Working Paper No. 13-15

Nonhomothetic Preferences, Linder Effect, and FDI: Theory and Evidence from a Knowledge-Capital Approach
Yongho Choi
November 2013

ABSTRACT

The well-known Linder effect might be important for a multinational enterprise's (MNE) activities, yet little investigation has concentrated on the issue. This paper, both theoretically and empirically, explores how demand-driven characteristics, particularly per-capita income,
exert significant influence on foreign direct investment (FDI) decisions by MNEs. In theoretical framework, I incorporate nonhomothetic preferences into the existing oligopoly model of horizontal MNEs (Markusen and Venables, 1998), reflecting consumption patterns closer
to reality. The simulation results on asymmetric aggregate demand between countries commonly suggest that horizontal multinational production crucially depends on similar levels of per-capita income as well as relative factor endowments between countries, as predicted
by Linder (1961). Moreover, theoretical considerations predict for a subsequent empirical study that the Linder effect would matter (1) at highly aggregate level (or even though product-quality and differentiated good issues are not present in a model); (2) after controlling for total income variables for countries; and (3) regardless of controlling for neutral factor variables. In empirical examination, I extend the existing empirical Knowledge-Capital model by taking into account demand-driven FDI determinants including the Linder hypothesis. To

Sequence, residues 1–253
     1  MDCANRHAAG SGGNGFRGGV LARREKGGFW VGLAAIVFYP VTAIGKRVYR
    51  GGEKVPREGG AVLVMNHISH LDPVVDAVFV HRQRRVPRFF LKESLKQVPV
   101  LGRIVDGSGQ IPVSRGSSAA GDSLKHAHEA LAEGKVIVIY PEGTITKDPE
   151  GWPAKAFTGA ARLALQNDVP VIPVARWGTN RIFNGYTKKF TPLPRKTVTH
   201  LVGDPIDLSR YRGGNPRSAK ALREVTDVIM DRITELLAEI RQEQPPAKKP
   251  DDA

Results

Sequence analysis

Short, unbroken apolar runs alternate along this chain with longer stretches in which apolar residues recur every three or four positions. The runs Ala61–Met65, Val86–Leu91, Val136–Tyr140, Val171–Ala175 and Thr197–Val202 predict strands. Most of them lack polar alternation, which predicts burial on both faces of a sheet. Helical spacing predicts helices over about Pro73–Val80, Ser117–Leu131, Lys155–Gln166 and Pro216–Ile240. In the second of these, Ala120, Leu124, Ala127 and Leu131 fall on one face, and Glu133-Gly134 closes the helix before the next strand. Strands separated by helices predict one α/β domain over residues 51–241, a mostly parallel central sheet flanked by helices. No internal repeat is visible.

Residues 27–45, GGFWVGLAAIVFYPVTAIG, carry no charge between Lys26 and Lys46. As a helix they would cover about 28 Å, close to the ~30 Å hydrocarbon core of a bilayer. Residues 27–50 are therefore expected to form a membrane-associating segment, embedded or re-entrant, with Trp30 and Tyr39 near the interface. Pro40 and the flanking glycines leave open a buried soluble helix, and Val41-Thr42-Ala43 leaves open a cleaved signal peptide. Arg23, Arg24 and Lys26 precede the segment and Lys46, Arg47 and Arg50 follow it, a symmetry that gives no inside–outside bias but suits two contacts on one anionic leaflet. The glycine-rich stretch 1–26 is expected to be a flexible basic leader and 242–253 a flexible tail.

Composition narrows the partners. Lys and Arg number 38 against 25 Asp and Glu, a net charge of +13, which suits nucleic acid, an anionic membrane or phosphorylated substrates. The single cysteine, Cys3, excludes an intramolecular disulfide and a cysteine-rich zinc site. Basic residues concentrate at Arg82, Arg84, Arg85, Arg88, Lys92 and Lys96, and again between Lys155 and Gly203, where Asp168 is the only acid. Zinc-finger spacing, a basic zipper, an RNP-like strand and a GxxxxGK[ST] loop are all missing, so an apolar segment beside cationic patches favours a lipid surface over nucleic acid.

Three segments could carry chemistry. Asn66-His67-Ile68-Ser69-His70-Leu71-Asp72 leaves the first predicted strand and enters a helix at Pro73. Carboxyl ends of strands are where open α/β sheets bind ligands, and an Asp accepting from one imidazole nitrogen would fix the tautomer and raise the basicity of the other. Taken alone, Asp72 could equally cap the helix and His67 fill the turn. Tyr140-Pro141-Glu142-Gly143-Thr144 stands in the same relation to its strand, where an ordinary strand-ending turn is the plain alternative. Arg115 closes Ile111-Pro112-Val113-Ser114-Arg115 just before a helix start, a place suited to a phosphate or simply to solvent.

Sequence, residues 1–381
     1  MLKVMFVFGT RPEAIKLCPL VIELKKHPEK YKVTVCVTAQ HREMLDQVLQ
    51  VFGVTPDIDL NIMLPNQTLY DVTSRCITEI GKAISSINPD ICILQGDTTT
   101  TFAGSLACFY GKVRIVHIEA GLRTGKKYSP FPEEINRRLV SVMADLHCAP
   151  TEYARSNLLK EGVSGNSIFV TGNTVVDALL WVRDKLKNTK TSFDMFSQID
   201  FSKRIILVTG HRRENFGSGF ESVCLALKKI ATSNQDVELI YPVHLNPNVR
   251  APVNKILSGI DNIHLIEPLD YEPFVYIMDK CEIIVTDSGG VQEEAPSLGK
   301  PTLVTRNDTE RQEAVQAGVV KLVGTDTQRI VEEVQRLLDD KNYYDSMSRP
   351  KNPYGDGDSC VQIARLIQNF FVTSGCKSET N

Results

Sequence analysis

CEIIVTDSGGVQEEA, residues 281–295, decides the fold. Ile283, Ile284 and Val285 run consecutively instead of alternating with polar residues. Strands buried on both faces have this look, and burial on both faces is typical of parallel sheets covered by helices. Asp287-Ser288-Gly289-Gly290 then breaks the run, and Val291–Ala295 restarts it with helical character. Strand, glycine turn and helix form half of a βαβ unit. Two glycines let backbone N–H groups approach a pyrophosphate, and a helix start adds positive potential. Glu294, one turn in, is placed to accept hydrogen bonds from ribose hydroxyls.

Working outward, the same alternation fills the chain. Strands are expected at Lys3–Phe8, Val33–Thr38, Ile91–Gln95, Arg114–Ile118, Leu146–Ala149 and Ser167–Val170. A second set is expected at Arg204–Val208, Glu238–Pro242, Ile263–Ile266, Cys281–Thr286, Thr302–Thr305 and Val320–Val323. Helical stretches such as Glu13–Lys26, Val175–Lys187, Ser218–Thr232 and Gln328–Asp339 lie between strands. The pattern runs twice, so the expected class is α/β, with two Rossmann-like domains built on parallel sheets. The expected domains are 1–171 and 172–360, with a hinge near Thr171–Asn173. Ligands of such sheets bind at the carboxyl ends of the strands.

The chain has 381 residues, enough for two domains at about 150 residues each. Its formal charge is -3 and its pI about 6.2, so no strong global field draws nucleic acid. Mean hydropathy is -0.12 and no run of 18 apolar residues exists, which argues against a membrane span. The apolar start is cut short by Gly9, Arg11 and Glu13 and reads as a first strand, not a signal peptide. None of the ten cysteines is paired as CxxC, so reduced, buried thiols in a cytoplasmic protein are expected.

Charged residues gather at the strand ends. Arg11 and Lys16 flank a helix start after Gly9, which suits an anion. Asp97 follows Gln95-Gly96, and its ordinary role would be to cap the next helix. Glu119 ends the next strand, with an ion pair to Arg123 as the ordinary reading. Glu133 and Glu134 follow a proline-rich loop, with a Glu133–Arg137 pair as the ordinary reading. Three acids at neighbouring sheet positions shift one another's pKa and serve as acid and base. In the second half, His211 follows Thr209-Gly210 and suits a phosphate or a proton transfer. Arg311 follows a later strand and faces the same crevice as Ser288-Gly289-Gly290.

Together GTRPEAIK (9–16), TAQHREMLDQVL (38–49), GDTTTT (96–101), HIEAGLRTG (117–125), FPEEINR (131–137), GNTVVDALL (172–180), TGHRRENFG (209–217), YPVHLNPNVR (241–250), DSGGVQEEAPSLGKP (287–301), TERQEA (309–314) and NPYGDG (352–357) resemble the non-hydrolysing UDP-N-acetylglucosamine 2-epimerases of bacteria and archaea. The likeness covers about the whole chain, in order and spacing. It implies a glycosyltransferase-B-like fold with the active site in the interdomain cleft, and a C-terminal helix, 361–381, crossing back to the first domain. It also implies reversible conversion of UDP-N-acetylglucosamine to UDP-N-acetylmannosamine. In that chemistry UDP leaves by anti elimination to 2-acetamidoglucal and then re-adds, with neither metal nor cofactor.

do so, I focus on outward FDI between Korea and a sample of 57 host countries over the period after the 1997-98 Asian nancial crisis (1999-2010). The empirical findings from a dynamic panel data approach, a system GMM estimator, show that Korean MNEs are likely
to invest more in countries similar in the level of per-capita income, supporting for the Linder effect for FDI. The Linder effect also significantly remains regardless of controlling for either total income variables or population variables, as conjectured. A 10% decrease in per-capita income divergences between Korea and average host country leads to a 8.6% rise in Korean overseas direct investment. In addition, the empirical results indicate that FDI done by Korean MNEs tends to occur by two main motivations of FDI.

 

JEL classification: F23, D12, C33
Keywords: Horizontal multinational firms, Nonhomothetic preferences, Per-capita income, Linder effect

DOWNLOAD PAPER